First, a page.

Here's the take home message: in terms of online gene annotation resources, Gene Cards is the most common top-ranked resource, followed closely by the Gene Wiki / Wikipedia, with NCBI in a very distant third (note the log scale).This result is interesting in that an existing resource (Gene Cards) beats Wikipedia, but only just. There are various ways we could interpret this, but from the point of view of biodiversity resources I suspect it emphasises that if there is a good, existing resource that has a lot of traction (i.e., Gene Cards) it will do well in Google Searches. If there is no single dominant resource (as is the case for biodiversity), then it leaves the field open to be dominated by Wikipedia.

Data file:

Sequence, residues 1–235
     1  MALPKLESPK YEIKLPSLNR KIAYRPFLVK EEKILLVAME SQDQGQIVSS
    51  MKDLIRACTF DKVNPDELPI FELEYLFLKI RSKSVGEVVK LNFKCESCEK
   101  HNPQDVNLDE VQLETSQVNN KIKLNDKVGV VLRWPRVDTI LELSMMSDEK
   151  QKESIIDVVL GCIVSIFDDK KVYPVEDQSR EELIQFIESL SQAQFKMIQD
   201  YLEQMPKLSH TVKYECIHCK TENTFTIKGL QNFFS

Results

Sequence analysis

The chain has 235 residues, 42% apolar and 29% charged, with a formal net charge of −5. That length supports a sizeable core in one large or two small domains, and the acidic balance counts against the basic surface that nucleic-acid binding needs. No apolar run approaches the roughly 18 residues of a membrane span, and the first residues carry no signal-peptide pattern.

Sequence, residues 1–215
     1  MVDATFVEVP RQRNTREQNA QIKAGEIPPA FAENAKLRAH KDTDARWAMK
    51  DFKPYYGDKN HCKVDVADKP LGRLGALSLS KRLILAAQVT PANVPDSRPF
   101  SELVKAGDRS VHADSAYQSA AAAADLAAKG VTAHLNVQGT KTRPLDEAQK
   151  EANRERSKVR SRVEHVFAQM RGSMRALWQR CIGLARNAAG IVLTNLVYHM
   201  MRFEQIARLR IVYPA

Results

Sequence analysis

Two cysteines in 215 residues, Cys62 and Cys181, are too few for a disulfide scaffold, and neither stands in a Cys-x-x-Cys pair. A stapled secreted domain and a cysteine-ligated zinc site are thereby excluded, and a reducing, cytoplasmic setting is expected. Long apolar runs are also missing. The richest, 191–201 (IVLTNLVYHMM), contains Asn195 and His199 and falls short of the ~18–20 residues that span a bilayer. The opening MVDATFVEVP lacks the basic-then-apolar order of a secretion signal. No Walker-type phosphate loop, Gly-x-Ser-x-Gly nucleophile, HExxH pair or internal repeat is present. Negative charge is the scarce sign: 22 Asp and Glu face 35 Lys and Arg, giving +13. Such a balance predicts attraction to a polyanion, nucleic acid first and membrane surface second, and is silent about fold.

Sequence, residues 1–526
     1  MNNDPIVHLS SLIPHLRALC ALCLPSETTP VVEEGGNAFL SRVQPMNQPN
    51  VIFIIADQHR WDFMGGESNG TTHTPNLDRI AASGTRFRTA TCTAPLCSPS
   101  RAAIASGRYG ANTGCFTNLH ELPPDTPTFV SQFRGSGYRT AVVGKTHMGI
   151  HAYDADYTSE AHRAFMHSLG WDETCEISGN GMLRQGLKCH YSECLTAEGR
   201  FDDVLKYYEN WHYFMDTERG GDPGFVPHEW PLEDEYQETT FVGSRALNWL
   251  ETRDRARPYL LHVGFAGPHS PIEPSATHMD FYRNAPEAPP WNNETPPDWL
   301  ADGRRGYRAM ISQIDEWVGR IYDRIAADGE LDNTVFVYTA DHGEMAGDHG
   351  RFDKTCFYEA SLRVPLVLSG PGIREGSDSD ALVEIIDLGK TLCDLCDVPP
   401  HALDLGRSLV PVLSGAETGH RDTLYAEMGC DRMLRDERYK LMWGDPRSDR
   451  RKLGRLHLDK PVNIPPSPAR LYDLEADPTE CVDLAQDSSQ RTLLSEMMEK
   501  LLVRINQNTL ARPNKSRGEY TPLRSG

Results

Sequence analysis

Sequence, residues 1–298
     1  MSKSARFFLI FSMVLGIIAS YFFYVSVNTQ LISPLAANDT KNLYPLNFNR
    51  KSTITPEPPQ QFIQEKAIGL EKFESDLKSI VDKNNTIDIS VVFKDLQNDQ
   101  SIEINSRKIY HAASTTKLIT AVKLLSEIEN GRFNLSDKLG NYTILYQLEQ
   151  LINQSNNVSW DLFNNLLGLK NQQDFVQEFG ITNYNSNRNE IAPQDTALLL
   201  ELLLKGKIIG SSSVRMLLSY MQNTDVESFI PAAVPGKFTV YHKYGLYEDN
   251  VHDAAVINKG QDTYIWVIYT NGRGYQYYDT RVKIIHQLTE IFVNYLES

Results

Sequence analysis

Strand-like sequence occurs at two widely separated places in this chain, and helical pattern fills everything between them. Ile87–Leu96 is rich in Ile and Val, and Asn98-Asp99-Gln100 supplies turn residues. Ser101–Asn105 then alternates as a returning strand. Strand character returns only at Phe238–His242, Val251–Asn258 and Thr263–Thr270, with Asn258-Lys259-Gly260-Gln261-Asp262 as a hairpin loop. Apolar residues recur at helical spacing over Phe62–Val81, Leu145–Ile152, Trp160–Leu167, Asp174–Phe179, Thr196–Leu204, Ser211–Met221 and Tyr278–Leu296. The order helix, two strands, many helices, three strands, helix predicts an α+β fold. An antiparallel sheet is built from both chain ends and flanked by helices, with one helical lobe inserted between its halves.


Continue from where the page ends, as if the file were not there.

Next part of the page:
Gene Wiki and Google
Andrew Su has posted an analysis of Gene Wiki, a project to provide Wikipedia pages on every human gene: